How Global Terror Network Will Get a Boost from Iran Nuclear Deal


(FOX News Channel)

A poster of Ayatollah Ali Khamenei, Hezbollah Secretary-General Sayyed Hassan Nasrallah, and others behind Iranian, Syrian, Lebanese, and Hezbollah flags during Resistance and Liberation Day celebrations in Bint Jbeil, Lebanon, May 25, 2014

A poster of Ayatollah Ali Khamenei, Hezbollah Secretary-General Sayyed Hassan Nasrallah, and others behind Iranian, Syrian, Lebanese, and Hezbollah flags during Resistance and Liberation Day celebrations in Bint Jbeil, Lebanon, May 25, 2014

Photo by Ali Hashisho/Reuters

by Colin P. Clarke

July 15, 2015

This commentary originally appeared in the opinion section of

While the nuclear arms accord with Iran is being hailed as a historic agreement, it should be regarded as only one piece of an increasingly complex patchwork of foreign policy challenges presented by Iran and its network of allies. As a result of this deal, Iran stands to reap a potential windfall of billions of dollars that has been held up by international sanctions designed to cripple the Iranian economy and bring Tehran to the negotiating table.

Even if most of this money is channeled to Iran's domestic economy, the bounty will nevertheless help resuscitate the Iran threat network—a nefarious web of insurgent, criminal and terrorist allies—and revitalize Iranian meddling worldwide. Iranian sponsorship of terrorist organizations cannot be divorced from the negotiations because the sanctions that will be lifted provide new sources of funding to reinforce the Iran threat network.

The fact that the nuclear agreement does not address the threat network means that Iran remains a serious threat to stability in the Middle East.

Formed in the 1980s, the Iran threat network has expanded from a ragtag militia to an enterprise with global reach—and operatives who are active in dozens of countries. Over the last three decades, Iranian largesse has provided the Shiite group Hezbollah with hundreds of millions of dollars, training, weapons and modern equipment.

The network now includes proxies in Yemen and Iraq, where the Iranian Revolutionary Guards Corps and its elite Quds Force are training sectarian militias. Also of concern are Iranian accomplices including Hamas in Gaza and Hezbollah in Lebanon (and more recently, Syria). Hamas has increasingly relied on financial support from Iran since the Syrian civil war began in 2011.

In addition to Iran's growing battle with Saudi Arabia for regional hegemony, the mullahs that comprise the core leadership of Iran—and are considered the vanguard of the Islamic Revolution—have also pushed to develop a fairly sophisticated cyberwar capability. The Saudi-Iranian rivalry is playing out through the sponsorship of proxies in Yemen and Syria.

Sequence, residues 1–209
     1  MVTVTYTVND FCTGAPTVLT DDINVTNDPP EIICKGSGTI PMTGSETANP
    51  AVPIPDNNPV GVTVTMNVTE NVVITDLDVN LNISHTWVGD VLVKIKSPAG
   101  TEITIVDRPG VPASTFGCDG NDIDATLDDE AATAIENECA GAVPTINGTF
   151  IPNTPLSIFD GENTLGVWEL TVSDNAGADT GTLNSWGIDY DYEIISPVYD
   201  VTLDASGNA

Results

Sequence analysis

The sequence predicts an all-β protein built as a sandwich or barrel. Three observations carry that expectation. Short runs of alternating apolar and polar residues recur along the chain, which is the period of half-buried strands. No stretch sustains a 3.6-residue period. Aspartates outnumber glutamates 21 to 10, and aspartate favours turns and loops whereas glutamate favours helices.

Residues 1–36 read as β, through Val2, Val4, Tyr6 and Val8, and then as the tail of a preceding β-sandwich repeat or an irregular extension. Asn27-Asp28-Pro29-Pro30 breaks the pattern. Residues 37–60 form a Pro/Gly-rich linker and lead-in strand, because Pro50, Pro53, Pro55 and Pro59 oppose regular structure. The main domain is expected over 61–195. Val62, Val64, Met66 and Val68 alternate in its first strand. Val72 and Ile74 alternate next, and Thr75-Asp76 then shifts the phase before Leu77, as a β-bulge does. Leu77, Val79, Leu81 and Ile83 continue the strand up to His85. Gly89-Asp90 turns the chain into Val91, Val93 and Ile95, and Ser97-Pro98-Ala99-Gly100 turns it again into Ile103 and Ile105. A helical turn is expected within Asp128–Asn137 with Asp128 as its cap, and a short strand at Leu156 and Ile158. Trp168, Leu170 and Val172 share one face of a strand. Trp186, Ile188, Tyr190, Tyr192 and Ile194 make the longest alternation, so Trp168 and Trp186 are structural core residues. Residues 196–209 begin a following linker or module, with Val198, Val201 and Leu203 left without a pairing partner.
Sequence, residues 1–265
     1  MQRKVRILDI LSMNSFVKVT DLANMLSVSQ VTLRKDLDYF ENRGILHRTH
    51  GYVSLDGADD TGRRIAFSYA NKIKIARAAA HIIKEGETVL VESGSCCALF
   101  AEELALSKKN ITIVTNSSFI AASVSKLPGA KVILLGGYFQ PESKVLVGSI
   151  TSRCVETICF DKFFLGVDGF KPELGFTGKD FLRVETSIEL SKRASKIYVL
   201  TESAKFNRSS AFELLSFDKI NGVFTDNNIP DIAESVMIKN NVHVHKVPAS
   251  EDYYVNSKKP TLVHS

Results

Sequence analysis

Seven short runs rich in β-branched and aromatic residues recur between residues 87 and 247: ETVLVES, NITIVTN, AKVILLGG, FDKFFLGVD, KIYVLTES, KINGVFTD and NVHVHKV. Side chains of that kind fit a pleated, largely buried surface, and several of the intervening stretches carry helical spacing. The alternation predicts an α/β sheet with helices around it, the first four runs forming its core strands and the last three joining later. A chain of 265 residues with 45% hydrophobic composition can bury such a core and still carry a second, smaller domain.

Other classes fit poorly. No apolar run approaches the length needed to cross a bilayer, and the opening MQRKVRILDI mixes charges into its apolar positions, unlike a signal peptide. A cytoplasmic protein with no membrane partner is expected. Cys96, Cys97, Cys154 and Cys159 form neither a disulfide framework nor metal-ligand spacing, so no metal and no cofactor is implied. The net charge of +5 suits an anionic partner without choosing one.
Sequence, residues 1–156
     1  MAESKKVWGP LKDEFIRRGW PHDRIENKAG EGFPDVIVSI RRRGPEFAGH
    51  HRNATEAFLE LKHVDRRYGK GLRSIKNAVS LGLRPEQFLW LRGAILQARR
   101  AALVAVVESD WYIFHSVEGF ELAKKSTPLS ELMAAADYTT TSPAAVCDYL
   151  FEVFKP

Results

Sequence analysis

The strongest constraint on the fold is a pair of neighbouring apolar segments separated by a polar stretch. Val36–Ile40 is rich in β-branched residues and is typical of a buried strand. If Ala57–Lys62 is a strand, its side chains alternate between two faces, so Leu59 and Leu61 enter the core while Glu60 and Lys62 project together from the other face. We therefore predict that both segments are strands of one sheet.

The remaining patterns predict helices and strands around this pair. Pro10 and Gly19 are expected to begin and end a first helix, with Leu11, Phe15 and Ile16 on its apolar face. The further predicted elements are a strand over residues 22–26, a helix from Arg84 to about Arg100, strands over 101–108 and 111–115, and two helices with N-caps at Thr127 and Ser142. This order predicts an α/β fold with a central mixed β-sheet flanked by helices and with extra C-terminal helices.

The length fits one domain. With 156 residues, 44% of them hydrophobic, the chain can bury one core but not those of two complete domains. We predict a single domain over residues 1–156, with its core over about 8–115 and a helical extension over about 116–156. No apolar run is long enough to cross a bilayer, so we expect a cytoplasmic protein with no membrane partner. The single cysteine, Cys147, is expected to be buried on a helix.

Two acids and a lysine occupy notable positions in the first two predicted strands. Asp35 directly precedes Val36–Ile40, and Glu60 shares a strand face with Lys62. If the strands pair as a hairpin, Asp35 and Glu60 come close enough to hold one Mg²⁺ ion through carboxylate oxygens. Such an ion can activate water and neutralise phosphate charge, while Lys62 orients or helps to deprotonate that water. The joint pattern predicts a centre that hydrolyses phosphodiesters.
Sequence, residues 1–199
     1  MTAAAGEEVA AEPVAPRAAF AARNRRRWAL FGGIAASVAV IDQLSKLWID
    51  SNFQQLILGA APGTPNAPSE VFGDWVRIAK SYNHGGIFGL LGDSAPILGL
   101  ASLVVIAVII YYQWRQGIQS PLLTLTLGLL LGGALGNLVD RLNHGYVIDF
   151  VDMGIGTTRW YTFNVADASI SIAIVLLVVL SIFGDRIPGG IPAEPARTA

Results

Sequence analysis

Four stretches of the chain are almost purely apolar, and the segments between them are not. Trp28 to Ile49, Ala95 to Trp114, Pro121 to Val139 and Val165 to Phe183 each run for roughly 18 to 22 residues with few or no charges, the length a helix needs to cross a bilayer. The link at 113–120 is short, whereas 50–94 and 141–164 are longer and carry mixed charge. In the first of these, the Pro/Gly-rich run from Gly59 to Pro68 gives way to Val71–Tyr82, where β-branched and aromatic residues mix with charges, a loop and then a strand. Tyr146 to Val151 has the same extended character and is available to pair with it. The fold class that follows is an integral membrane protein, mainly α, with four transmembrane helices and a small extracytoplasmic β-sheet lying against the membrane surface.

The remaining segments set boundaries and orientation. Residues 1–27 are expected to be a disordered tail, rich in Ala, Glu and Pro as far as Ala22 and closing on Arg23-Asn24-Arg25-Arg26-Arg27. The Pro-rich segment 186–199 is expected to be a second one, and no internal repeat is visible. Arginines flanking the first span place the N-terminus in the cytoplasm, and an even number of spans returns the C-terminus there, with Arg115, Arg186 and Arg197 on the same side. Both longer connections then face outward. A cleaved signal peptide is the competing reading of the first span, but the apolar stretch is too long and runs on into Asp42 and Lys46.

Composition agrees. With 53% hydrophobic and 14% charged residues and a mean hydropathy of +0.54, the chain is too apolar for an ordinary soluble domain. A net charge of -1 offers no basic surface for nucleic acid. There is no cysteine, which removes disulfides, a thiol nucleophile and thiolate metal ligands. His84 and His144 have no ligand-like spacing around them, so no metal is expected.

Over the past several years, Iran has devoted more resources to cyber warfare, perhaps in response to a destructive software attack—reportedly initiated by the United States and Israel—that effectively targeted Iranian nuclear-enrichment equipment. The Iranians have already penetrated American and Saudi networks and successfully seized and destroyed sensitive data.

Going forward, U.S. policy toward Iran must reflect the nuanced nature of the relationship. While the nuclear agreement is a positive step toward resolving the most serious potential threat posed by the Islamic Republic, the Iranian regime is still a major sponsor of terrorist groups opposed to the United States and its key allies throughout the Middle East, North Africa and the Persian Gulf region.

Designing and implementing a global strategy to address the Iran threat network is essential to stability in the Gulf and will require the exercise of American power to deter Iran while reassuring allies in the region and wider world. Even though the United States welcomes Iran's help combating ISIS, Washington must keep pressuring Tehran to cease its support for terrorist and insurgent groups in Gaza, Lebanon and Yemen.

The United States and its allies must continue to combat the financing of terrorism by working through the Treasury Department and collaborating with private-sector entities to identify and then take action against Iranian funding of terrorist groups. The United States also should keep trying to build partner capacity in at-risk nations like Lebanon and Yemen—thus depriving Iran of the political legitimacy afforded external state sponsors of terrorism—while working to build a force in the region capable of providing at least a modicum of stability. Finally, the United States must continue to closely monitor Iranian behavior to ensure that relief from sanctions does not allow Iran the flexibility to exacerbate conflicts in already fragile nations throughout the Middle East.

After pausing to celebrate the Iran nuclear deal as a “move in a new direction,” the Obama administration should capitalize on it to gain the momentum needed to contain the regional and global ambitions of the Iran threat network.

Colin P. Clarke is an associate political scientist at the nonprofit, nonpartisan RAND Corporation and the author of “Terrorism, Inc.: The Financing of Terrorism, Insurgency and Irregular Warfare” (2015).

This commentary originally appeared on FOX News Channel on July 15, 2015. Commentary gives RAND researchers a platform to convey insights based on their professional expertise and often on their peer-reviewed research and analysis.